[Stay on top of transportation news: Get TTNews in your inbox.]
The national average price for diesel rose 4.2 cents to $3.713 a gallon, according to Energy Information Administration data released Oct. 25.
Trucking’s main fuel has risen by 30.7 cents a gallon the past four weeks, though this week’s increase is less than half of that on Oct. 18 (8.5 cents). A gallon of diesel now costs $1.328 a gallon more than at this time in 2020.
The last time a gallon of diesel cost at least as much as its current price was Oct. 6, 2014, when it was $3.733 a gallon.
U.S. average on-highway #diesel fuel price on October 25, 2021 was $3.713/gal, UP 4.2¢/gallon from 10/18/21, UP $1.328/gallon from year ago https://t.co/kJQMUyI7HT #truckers #shippers #fuelprices pic.twitter.com/RSUUivrImM— EIA (@EIAgov) October 26, 2021
Diesel rose in all 10 regions in EIA’s weekly survey. The largest increase was 7.1 cents in New England, and the smallest was 1.7 cents in the Midwest.
Gasoline climbed even more than diesel, bumping up 6.1 cents a gallon to $3.383, which is $1.24 more than a year ago.
One large carrier noted the impact of rising diesel costs.
“Many of our cost categories improved as a percent of revenue during the [third] quarter, although our operating supplies and expenses increased 200 basis points due primarily to the rising cost of diesel fuel and other petroleum-based products,” Adam Satterfield, Old Dominion Freight Line’s chief financial officer, said during an earnings call.
Old Dominion ranks No. 10 on the Transport Topics Top 100 list of the largest for-hire carriers in North America.
Two truck makers separately reported the new heavy-duty engines they are providing have increased fuel efficiency.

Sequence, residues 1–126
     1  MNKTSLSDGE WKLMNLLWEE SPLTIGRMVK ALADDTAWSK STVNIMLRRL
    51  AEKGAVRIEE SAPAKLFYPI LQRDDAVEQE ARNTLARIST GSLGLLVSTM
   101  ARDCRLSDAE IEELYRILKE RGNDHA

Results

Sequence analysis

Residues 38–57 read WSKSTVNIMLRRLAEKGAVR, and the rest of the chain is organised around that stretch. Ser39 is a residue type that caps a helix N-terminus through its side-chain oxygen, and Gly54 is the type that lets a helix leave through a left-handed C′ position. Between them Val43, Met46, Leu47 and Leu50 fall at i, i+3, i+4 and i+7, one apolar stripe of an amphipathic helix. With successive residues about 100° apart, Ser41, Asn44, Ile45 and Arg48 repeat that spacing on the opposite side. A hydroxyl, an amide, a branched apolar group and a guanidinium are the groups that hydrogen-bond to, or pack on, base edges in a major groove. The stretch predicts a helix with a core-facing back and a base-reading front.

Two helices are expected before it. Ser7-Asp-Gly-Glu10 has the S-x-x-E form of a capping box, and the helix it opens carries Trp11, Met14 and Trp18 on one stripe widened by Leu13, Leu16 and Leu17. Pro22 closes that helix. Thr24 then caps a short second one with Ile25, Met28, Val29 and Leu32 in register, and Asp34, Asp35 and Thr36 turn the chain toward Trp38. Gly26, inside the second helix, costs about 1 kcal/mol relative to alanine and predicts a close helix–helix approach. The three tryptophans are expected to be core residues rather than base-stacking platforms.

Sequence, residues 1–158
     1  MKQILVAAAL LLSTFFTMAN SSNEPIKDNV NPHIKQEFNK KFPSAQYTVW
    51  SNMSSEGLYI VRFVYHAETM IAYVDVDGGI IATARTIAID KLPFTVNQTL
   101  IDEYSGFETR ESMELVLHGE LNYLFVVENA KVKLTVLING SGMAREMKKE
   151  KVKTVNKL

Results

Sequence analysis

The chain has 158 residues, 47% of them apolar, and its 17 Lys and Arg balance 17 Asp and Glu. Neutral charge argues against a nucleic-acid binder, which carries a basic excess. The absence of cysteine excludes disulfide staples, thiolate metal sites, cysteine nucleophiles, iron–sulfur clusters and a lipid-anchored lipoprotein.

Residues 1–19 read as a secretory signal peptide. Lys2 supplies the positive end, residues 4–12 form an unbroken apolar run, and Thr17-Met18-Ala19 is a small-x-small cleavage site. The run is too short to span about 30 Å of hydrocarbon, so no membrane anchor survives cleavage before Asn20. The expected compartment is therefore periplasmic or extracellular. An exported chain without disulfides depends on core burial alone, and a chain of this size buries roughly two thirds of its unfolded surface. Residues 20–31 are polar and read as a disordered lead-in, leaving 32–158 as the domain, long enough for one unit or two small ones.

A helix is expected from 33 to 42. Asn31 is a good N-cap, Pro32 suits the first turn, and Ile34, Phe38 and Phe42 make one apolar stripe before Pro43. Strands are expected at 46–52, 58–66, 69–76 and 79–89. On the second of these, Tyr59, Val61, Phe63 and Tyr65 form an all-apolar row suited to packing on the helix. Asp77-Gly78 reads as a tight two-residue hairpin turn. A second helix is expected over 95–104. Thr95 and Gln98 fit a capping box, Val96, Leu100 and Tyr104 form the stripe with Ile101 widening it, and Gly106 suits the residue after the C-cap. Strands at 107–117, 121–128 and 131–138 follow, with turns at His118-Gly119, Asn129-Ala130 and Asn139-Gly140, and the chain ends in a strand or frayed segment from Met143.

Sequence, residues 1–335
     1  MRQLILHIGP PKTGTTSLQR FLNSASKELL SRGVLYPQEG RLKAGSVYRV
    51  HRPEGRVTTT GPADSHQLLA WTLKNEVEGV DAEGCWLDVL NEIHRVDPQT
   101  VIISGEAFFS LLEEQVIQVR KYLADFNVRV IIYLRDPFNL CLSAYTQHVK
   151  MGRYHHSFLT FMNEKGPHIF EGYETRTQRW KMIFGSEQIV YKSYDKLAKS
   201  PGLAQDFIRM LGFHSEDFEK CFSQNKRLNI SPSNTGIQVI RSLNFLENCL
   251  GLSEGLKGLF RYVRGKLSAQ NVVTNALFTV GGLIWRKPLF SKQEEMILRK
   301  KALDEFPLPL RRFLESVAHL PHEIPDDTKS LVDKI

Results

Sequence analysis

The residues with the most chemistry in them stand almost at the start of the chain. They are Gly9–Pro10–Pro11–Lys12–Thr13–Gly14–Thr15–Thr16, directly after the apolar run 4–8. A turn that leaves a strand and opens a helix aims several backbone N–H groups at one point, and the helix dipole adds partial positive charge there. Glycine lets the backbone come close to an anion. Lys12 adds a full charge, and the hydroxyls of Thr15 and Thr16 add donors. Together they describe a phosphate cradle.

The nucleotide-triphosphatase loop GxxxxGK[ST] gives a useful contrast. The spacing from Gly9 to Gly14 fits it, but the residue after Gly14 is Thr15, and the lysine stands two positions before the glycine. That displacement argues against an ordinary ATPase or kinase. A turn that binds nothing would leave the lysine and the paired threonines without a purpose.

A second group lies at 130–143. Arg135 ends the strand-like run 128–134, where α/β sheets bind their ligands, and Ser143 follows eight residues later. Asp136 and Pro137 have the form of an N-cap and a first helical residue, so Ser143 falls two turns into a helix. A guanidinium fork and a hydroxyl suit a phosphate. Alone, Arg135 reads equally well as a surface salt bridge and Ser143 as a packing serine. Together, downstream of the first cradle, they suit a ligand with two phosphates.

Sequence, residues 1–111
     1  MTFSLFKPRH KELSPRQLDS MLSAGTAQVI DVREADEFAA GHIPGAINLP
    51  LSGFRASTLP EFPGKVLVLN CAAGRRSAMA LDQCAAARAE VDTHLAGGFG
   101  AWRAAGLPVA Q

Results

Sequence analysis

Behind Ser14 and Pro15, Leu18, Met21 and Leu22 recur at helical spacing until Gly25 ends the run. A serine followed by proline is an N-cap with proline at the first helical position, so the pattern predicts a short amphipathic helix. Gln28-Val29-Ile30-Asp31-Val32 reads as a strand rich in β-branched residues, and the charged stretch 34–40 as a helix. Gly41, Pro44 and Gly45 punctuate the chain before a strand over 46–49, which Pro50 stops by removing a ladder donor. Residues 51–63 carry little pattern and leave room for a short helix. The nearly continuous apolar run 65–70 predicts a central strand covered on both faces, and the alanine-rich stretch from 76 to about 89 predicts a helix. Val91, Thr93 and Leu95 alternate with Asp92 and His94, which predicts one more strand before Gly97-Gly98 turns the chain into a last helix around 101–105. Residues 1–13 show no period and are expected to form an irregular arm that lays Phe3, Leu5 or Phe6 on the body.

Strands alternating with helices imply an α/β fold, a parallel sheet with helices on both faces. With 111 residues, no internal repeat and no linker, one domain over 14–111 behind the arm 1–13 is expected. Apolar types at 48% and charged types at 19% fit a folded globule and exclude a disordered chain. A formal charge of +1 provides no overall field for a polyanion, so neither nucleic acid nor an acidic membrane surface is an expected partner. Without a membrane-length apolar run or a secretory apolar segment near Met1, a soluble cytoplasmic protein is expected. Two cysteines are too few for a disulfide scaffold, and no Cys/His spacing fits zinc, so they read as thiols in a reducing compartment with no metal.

“When you think about 2024 emissions [standards], 2027 emissions, our team did a great job of meeting that with clean diesel,” Paccar CEO Preston Feight said during a recent earnings call. “So that’s continuing as that will likely be the dominant powertrain offering for the next five years to 10 years, at least.”
“I would say that in North America for the new trucks, they’ll become a majority of the trucks [in production] in the fourth quarter,” Feight said. “The new Kenworth T680 and Peterbilt 579 trucks that began production in the third quarter are being well-received by our customers. These trucks feature new styling, configurable digital instrumentation, advanced aerodynamics, distinctive LED forward lighting and they provide up to 7% greater fuel efficiency.”
The Environmental Protection Agency on Aug. 5 announced plans to reduce greenhouse gas emissions and other air pollutants from heavy-duty trucks through a series of rulemakings over the next three years. The first rulemaking, to be finalized next year, will apply to heavy-duty vehicles starting in model year 2027.
A second rule would set more stringent GHG emission standards for new heavy-duty vehicles sold as soon as model year 2030 and beyond, according to EPA.
Traton SE unit Navistar Inc. announced updates to the International A26 engine, which allow fleets to achieve 10% improved fuel economy compared with the engine’s initial launch.
“These latest updates to the International A26 highlight Navistar’s ongoing commitment to improved vehicle efficiency and total cost of ownership for our customers,” said Diane Hames, vice president of marketing. “Our key drive continues to be meeting the demands of our customers today while helping them plan for the road ahead. Every incremental change helps to forge a path toward that more efficient future.”
The latest engine enhancements to the A26 provide an additional 4% fuel economy, on top of 6% achieved previously, through, among other changes:
• An increased compression ratio from 18.5:1 to 20.5:1, delivers higher combustion efficiency.
• A higher horsepower output provides maximum power when needed, while operating at lower rotations per minute optimizes the amount of fuel consumed during operation.
West Texas Intermediate crude oil, the industry benchmark, closed Oct. 25 on the New York Mercantile Exchange at $83.76. That was up from a close of $82.44 on Oct. 18.
U.S. On-Highway Diesel Fuel Prices
WTI began trading Oct. 28 at $81.15.
Oil deepened declines after Iran and the European Union agreed to restart negotiations on a revival of the 2015 nuclear accord before the end of November, signaling a greater prospect of Iranian barrels coming back to the market, according to Bloomberg News.
At the same time, OPEC and its allies have been restoring supply at only a modest pace. The potential return of Iranian barrels is one wild card that could cool the market, though it may yet take some time, Bloomberg noted.
Want more news? Listen to today's daily briefing below or go here for more info: